In other poems Phillips takes us back through the layers of European history, as in ‘Dubliners on the Adriatic’, where, to his surprise, he discovers in the border town of Trieste the statue of ‘James Joyce among the Hapsburgs’. In this poem about a polyglot writer in a polyglot port ‘Trieste’ morphs into Slavonic ‘Trst’ which then, in Joyce’s ‘Babelous’ mode, becomes ‘Tristesse’, evoking ‘a century’s diminishment,’ and finally his ‘tryst’ with Nora Barnacle. In ‘European Union’ he gives us a brilliant re-working of Philip Larkin’s ‘The Whitsun Weddings’. Travelling in Romania, the poet’s attention is drawn to ‘so many car horns / shifting through the Doppler effect.’ However, before long he starts to notice the weddings: ‘new couples / emerged from a scaffolded church / with candles lit, and family groups / assembled in a park for photographs.’ It is only the poem’s title that makes it clear that these new beginnings set against a ‘Stalinist backdrop’ coincide with Romania’s entry into the European Union and the optimism of another kind of new start:
Such innocence again around the square,
these brand new starts, this expectation,
Romanian sunlight on dove grey-dresses.
However, in ‘Moving East’ this particular Brave New World is seen in a different light where, after the decline of the Hapsburgs and the Communist Party, it is the more insidious forces of globalization that are taking over: ‘Only now, among shrugging commuters, / you’re looking back, overseen by the church, / on a branch of Tesco and, last night, / pints of Guinness in a Mexican bar.’ An ability to see contemporary lives in a wider historical context is what gives so many of Phillips’s poems their depth and power, but this is always brought into focus by his eye for the telling detail, as in the concluding stanza of ‘Ornithology in the Balkans’, where a humorous image from the natural world seems a wry comment on mankind’s hubris and religious intolerance:
Across the promontory’s ruined terrain,
we were trying to work out which wall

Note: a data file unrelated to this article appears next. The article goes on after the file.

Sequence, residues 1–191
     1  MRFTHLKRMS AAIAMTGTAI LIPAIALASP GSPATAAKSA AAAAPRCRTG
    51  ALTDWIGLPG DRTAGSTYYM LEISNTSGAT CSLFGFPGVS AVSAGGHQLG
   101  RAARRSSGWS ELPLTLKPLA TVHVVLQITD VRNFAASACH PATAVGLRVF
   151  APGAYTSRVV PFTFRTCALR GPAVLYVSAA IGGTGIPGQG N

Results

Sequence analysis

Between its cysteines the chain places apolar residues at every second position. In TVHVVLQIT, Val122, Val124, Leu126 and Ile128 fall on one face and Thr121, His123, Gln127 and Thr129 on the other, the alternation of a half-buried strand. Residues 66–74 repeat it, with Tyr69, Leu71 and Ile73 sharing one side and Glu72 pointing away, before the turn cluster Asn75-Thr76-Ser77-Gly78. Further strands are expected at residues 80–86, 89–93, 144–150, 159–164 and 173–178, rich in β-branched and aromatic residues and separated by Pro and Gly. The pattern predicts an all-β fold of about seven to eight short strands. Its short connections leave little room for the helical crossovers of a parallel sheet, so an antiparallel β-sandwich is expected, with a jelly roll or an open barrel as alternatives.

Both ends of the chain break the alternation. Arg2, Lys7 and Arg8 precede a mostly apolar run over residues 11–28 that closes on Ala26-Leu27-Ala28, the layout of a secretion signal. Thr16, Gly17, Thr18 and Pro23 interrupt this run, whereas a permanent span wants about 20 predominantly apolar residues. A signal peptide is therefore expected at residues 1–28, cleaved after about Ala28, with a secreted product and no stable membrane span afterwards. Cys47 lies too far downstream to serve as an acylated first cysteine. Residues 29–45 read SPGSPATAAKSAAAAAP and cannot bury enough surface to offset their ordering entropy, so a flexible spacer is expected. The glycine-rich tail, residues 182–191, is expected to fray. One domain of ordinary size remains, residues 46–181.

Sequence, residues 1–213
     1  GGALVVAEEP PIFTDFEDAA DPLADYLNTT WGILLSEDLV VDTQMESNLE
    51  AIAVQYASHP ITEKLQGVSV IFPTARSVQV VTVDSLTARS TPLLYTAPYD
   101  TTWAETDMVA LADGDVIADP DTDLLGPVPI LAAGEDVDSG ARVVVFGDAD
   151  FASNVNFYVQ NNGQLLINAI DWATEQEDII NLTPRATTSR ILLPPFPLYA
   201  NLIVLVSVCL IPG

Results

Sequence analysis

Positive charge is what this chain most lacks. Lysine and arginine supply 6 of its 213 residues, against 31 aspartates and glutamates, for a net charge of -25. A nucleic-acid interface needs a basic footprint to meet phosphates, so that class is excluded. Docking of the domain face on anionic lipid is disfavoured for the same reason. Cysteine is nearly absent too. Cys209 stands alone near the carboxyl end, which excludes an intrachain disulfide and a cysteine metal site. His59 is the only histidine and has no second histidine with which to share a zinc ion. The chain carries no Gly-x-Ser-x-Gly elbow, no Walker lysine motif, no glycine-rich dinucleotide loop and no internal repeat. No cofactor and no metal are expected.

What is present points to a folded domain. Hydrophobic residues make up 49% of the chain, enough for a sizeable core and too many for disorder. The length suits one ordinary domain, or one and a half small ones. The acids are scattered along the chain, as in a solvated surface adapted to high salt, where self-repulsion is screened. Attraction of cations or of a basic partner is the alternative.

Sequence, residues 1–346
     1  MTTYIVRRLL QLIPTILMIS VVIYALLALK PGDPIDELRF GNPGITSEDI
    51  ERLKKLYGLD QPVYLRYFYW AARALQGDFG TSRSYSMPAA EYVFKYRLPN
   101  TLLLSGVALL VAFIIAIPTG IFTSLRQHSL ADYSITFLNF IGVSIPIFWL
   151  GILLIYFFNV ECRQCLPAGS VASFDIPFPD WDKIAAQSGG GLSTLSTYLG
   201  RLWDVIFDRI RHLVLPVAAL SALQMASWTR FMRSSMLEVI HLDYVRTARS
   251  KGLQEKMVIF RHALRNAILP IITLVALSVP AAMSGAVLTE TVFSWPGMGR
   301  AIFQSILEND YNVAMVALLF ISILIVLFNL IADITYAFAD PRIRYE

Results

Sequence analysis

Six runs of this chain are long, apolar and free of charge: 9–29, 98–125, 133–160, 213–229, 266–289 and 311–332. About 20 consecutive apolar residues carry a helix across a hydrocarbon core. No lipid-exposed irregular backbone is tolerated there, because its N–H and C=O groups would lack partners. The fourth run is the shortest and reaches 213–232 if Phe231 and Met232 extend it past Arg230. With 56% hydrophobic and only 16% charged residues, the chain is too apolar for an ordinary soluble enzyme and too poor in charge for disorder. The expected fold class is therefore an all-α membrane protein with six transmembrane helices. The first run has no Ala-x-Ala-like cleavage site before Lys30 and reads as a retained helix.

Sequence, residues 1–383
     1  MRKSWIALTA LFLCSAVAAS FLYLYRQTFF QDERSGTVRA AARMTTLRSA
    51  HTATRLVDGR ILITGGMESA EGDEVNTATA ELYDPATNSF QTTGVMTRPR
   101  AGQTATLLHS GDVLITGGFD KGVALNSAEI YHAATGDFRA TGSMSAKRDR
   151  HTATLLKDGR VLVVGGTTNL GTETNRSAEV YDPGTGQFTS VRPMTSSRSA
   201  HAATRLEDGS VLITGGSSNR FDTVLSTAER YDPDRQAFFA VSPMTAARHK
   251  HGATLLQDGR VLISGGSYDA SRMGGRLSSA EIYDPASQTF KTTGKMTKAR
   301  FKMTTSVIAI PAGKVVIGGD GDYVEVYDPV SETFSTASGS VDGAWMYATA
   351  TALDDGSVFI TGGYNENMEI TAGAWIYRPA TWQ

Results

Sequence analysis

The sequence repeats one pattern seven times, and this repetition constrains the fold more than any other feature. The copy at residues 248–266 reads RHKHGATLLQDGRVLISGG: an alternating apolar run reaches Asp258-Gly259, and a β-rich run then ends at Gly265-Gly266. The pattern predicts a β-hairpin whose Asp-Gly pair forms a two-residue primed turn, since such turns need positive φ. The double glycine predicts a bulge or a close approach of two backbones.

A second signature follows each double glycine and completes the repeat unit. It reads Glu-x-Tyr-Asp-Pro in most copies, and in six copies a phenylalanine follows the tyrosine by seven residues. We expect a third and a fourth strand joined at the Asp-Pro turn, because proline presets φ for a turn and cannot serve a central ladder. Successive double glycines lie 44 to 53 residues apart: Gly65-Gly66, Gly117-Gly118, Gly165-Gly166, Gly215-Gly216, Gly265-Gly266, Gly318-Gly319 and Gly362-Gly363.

had belonged to which religion
when, against the faithless sky,
a squadron flew in: dandy pigeons
stumbling around, wild birds
hunting for a roost in feathery galoshes.
Elsewhere it is the English landscape that captures Phillips’s attention. ‘Not Really Climbing the Malverns Hills’ is a marvellously sustained and detailed poem in which the protagonist considers urban ‘renewal’ against the backdrop of Langland’s iconic landscape:
Only, climbing granite steps
through log-fire smoke,
we spied an unexpected geography:
stockaded new towns, arterial roads
like a railway modeller’s indulgent scheme
for tunnels and impossible curves.
‘Fenlanders’, too, is a wry evocation of the English landscape: ‘Perfectly flat source / of glass-half-empty wisdom.’ However, much in the way that Patrick Kavanagh did in ‘Epic’, Phillips hints at a parallel between local disputes and bigger conflicts: ‘these unbroken horizontals / bred smallholders quick / to silence, feuds.’ On a less epic scale, Phillips is also skilful in capturing the more immediately recognizable details of contemporary urban life as in ‘The Centre, Friday’: ‘this is not a place to be at a loss: / you need wits and cash about you.’ In ‘The Breakage Suite’ he explores our reliance on technology, while ‘Portishead’ is both a love poem and a deadpan evocation of ‘what passes for life in Portishead’.
Tom Phillips has waited a long time before publishing this collection, but the wait has been worth it. Recreation Ground is a fully achieved volume in which history and its slogans loom large and the ‘documented dead look down’ on private lives. Without strain or posture these poems are elegantly poised and cadenced. Plain spoken and musical, they have the intellectual and emotional depth that is only to be found in work of the highest order.